Science and Decisions: How Can We Advance Risk Assessment
1:00 pm US Eastern Time
Presenter PowerPoint slides:
Tom Burke; Presentation slides
Deborah Cory-Slechta: Presentation slides
Tracey Woodruff: Presentation slides
UCSF Program on Reproductive Health and the Environment: Links to 3 papers recently published in Health Affairs.
Risk assessment has become a dominant public policy tool for making choices, based on limited resources, to protect public health and the environment. It has been instrumental to the mission of the US Environmental Protection Agency (EPA) as well as other federal agencies in evaluating public health concerns, informing regulatory and technological decisions, prioritizing research needs and funding, and in developing approaches for cost-benefit analysis.
However, risk assessment is at a crossroads. Despite advances in the field, risk assessment faces a number of significant challenges including lengthy delays in making complex decisions; lack of data leading to significant uncertainty in risk assessments; and many chemicals in the marketplace that have not been evaluated and emerging agents requiring assessment. Science and Decisions: Advancing Risk Assessment (also known as the ‘Silverbook’), published by the National Academy of Sciences in 2009, makes practical scientific and technical recommendations to address these concerns. (The description of the content of the report used above is from the National Academies Press.)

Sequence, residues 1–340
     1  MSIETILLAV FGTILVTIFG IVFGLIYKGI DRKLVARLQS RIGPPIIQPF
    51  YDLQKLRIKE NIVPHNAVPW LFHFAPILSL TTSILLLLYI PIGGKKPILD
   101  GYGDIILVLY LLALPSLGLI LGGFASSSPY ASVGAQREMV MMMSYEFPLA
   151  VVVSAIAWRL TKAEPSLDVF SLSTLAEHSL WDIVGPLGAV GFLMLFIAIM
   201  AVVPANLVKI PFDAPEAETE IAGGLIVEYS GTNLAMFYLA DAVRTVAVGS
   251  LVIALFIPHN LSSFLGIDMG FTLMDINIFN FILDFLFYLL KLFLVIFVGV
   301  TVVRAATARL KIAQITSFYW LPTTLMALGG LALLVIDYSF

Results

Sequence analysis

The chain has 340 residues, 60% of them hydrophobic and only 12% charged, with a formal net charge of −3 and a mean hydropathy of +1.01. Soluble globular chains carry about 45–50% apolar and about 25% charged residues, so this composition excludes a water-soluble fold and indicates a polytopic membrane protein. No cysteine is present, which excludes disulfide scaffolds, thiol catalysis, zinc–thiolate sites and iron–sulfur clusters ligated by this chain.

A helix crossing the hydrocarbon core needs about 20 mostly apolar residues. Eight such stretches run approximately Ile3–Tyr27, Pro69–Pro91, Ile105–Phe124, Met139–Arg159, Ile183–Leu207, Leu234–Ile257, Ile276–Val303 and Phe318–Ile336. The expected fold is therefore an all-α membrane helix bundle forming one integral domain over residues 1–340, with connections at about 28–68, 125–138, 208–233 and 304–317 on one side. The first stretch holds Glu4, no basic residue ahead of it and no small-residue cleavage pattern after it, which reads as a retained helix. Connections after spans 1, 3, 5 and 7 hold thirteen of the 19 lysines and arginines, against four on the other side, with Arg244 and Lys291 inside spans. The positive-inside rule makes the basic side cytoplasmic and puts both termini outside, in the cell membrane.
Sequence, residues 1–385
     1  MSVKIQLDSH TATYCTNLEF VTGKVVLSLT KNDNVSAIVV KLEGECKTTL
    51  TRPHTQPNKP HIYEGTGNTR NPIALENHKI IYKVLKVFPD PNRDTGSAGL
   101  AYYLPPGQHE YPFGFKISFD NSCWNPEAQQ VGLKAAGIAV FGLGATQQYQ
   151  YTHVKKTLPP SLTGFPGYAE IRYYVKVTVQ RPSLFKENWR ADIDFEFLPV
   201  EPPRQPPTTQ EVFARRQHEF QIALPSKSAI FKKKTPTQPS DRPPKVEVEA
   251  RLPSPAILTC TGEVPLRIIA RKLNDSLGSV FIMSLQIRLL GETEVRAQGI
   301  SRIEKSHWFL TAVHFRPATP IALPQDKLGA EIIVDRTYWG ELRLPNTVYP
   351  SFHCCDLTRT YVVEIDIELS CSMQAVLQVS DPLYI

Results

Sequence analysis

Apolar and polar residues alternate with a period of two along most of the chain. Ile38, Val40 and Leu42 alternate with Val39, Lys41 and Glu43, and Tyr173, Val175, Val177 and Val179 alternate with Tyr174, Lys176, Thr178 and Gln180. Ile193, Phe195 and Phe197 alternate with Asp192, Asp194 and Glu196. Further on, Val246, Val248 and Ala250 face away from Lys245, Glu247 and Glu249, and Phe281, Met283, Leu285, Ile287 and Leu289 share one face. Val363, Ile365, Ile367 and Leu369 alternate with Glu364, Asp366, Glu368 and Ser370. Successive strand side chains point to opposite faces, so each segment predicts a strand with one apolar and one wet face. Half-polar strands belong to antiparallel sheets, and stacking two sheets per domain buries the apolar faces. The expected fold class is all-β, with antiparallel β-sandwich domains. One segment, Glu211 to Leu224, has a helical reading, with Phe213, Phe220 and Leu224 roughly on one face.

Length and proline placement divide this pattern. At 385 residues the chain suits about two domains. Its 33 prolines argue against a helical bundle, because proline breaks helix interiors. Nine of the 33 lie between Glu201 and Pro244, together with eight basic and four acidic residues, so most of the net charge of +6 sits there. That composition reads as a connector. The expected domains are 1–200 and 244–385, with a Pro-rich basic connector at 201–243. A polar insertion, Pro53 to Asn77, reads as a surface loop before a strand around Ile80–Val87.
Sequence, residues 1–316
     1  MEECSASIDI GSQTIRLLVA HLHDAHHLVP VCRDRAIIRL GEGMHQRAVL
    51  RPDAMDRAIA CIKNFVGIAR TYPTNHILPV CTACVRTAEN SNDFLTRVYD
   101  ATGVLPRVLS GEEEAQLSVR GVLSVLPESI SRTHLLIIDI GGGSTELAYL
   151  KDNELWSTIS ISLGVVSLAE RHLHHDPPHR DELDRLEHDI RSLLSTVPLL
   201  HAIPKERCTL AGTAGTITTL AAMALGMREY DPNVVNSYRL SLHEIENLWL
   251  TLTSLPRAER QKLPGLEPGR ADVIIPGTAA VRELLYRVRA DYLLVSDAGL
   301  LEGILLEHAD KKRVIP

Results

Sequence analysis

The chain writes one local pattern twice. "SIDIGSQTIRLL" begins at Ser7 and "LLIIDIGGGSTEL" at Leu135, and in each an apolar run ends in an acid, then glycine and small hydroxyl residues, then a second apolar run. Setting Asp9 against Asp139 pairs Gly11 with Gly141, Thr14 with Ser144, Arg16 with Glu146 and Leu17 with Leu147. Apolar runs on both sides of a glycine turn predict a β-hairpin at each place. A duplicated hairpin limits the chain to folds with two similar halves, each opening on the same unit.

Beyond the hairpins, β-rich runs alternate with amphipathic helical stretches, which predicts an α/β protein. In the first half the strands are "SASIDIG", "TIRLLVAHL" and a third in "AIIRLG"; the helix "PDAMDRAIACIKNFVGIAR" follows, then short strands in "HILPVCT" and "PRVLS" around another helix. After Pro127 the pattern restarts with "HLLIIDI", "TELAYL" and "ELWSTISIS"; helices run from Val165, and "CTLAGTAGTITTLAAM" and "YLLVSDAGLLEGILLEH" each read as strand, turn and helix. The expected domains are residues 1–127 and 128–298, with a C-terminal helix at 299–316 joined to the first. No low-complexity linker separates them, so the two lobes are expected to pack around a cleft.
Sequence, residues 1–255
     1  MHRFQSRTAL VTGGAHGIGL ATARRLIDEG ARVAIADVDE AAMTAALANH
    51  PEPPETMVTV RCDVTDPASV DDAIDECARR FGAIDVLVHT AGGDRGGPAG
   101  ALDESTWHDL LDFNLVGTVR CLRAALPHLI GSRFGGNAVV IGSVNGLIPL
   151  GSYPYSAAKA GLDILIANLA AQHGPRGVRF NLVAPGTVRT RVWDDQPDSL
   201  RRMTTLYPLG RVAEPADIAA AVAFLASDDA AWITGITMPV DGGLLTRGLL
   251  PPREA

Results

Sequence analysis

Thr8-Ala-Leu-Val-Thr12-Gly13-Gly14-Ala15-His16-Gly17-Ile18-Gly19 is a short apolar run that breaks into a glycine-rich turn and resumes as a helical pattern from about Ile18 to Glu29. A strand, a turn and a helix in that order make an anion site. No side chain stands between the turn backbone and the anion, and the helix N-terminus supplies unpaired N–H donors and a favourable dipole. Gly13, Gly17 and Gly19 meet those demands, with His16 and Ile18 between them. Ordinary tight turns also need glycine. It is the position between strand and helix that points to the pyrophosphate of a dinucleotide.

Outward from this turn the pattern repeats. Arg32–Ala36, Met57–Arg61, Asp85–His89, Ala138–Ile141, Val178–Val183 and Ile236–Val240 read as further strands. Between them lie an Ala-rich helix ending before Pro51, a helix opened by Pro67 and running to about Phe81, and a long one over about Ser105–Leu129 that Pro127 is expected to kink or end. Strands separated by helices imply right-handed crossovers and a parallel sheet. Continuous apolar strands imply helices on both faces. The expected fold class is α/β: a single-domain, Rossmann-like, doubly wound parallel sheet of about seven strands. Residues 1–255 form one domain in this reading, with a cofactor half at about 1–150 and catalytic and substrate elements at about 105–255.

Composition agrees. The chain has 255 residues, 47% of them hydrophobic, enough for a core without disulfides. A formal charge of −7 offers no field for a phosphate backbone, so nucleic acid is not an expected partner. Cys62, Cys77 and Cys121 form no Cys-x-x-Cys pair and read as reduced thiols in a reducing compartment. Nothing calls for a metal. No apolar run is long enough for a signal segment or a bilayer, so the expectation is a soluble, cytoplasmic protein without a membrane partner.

On this call, three leading national researchers discussed the report’s recommendations and what progress has been made towards their implementation—as well as what obstacles remain in order to more accurately evaluate public health risk.
- Tom Burke, PhD, MPH, Associate Dean for Public Health Practice and Training; Professor in The Johns Hopkins Bloomberg School of Public Health, Department of Health Policy and Management; Director of the Johns Hopkins Risk Sciences and Public Policy Institute
- Deborah Cory-Slechta, PhD, Professor, Department of Environmental Medicine, University of Rochester School of Medicine
- Tracey Woodruff, PhD, MPH, Program on Reproductive Health and the Environment
Department of Obstetrics, Gynecology, and Reproductive Sciences, University of California, San Francisco; and Philip R. Lee Institute for Health Policy Studies, University of California, San Francisco
The call was moderated by Elise Miller, MEd, CHE Director.